Tag Archives: AV-8B Harrier

AV-8B Harrier That Crashed in North Carolina Being Recovered; Pilot Released from Hospital

AV-8B Harrier That Crashed in North Carolina Being Recovered; Pilot Released from Hospital

A U.S. Marine Corps AV-8B Harrier assigned to Marine Attack Squadron 542 taxis down the flight line during Fjord Fury in Bodo, Norway, June 8, 2018. Exercise Fjord Fury is designed to conduct combined training with NATO allied forces, foster relationships with host and partner nations, and improve the squadron’s combat readiness. US Marine Corps photo.

The AV-8B Harrier that crashed Monday night near Marine Corps Air Station Cherry Point in North Carolina is in the early stages of being recovered by a Marine Corps team. Read More

Marine Corps AV-8B Harrier Crashes Outside MCAS Cherry Point; Pilot Safely Ejected

Marine Corps AV-8B Harrier Crashes Outside MCAS Cherry Point; Pilot Safely Ejected

A U.S. Marine Corps AV-8B Harrier conducts an aerial refuel during exercise Bayou Thunder off the coast of Louisiana, Jan. 29, 2019. The purpose of the exercise is to enhance Marine attack Squadron (VMA) 231’s air-to-air and air-to-ground capabilities while also strengthening service interoperability with joint services. The aircraft is assigned to VMA-231, Marine Aircraft Group 14, 2nd Marine Aircraft Wing. US Marine Corps photo.

A Marine Corps AV-8B Harrier crashed in North Carolina, and the pilot is being treated at a local hospital after safely ejecting from the plane, according to the Marine Corps. Read More

Marines Accelerating F-35C Procurement to Support Carrier Deployments; F-35B Buys Would Slow

Marines Accelerating F-35C Procurement to Support Carrier Deployments; F-35B Buys Would Slow

An F-35C Lightning II assigned to the “Argonauts” of Strike Fighter Squadron (VFA) 147 sits chained on the flight deck of the Nimitz-class aircraft carrier USS Carl Vinson (CVN-70) on Dec. 9, 2018. US Navy Photo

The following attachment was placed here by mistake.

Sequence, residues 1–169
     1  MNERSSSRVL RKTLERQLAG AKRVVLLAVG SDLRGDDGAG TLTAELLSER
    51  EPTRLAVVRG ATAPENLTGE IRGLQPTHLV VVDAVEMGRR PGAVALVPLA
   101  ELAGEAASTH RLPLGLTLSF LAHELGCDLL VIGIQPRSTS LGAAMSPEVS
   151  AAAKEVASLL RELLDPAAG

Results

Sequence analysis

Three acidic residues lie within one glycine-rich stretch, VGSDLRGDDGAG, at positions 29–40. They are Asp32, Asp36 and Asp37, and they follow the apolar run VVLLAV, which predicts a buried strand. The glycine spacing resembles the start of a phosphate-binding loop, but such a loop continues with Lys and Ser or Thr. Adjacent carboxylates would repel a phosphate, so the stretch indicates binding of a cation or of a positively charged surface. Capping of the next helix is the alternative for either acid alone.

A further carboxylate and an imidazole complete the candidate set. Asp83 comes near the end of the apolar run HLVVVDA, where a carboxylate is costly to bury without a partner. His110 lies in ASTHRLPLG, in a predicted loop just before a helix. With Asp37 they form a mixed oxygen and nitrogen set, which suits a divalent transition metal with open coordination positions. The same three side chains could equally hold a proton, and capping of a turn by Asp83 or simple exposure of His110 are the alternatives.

CAPITOL HILL – The Marine Corps is accelerating its F-35C carrier variant Joint Strike Fighter procurement and slowing its F-35B vertical landing variant to support Navy deployment requirements, the Marines’ top aviator told lawmakers today. Read More

Air Operations in Djibouti Halted, Amphibious Exercise Canceled After 2 Marine Aviation Crashes on April 3

Air Operations in Djibouti Halted, Amphibious Exercise Canceled After 2 Marine Aviation Crashes on April 3

A Marine Corps CH-53E Super Stallion helicopter assigned to Marine Medium Tiltrotor Squadron (VMM) 162 (Reinforced), lands aboard the Wasp-class amphibious assault ship USS Iwo Jima (LHD 7) in Mediterranean Sea during exercise Juniper Cobra 2018. US Marine Corps photo.

This post has been updated to include additional information from U.S. Naval Forces Central Command.

All U.S. military air operations in Djibouti are on hold and an exercise taking place in and around Djibouti has been canceled following two aviation mishaps on Tuesday. Read More

Marine AV-8B Harrier Crashes in Djibouti, Pilot in Stable Condition

Marine AV-8B Harrier Crashes in Djibouti, Pilot in Stable Condition

A U.S. Marine AV-8B Harrier II aircraft assigned to Marine Medium Tiltrotor Squadron (VMM) 162 (Reinforced) takes off during a Stinger trainer launch simulator aboard the Wasp-class amphibious assault ship USS Iwo Jima (LHD-7) on March 23, 2018. US Marine Corps Photo

This post has been updated to correct the date USS Iwo Jima entered U.S. 5th Fleet. It was March 27, not March 29.